For some reason, many Indian tourists (not sophisticated Indian tourists, but less sophisticated ones) crave pictures of themselves with Westerners. “One snap?” they will ask, meaning will you pose with us, or for us.

This is often preceded by waves of snickers and giggles, as some brave or jokerish soul is either pressed or volunteers to be the one to pop the question. Or, if there is no camera available, the group’s representative will simply be the one enjoined to ask us “Your name?” “Your native place?” “Your country?”

It’s difficult to know quite how to handle this. If you are young, female and blonde, a certain level of aloofness is probably recommended. On the other hand, if you are old and decrepit (i.e. me), the situation feels more conflicted–especially if you yourself are busy snapping away. (Though, on my behalf, I typically do not slap people on the arm to get their attention.)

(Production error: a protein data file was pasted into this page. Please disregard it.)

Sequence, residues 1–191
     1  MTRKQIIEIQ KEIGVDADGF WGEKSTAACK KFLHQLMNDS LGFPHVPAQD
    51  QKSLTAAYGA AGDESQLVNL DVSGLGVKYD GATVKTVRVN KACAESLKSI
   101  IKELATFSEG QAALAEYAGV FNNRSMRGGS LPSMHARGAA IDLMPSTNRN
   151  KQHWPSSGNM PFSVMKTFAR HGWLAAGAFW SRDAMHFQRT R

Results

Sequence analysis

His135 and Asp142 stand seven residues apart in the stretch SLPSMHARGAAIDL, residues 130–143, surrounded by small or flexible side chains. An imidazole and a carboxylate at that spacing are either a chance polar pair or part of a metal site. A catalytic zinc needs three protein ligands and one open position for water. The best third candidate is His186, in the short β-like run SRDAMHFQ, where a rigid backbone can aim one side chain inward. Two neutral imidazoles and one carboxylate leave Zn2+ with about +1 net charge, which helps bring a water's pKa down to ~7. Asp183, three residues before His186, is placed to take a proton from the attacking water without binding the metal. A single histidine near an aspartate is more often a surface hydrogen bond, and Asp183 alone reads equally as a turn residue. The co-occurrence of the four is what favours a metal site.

Part of the problem, which is part of the problem of almost any situation here, comes with the sheer numbers. A picture with one person leads to pictures with several people.

Then, there are the issues with attitude. Some people – typically little girls, are typically very sweet in their questions and requests. They are shly proud of their English. Often a man with one or two children in tow will also exhibit this kind of gentle approach.

But sometimes (especially with the low-slung sort of boys and even sometimes with girls and women), the questions feel such a stunt– a showing-off for friends, a verbal cockiness.

So, you walk on. Or you answer crisply, and walk on. Or you wait and let the group behind you pass, so at least you do not have to be immediately followed by snickers, but can let the laughter go ahead.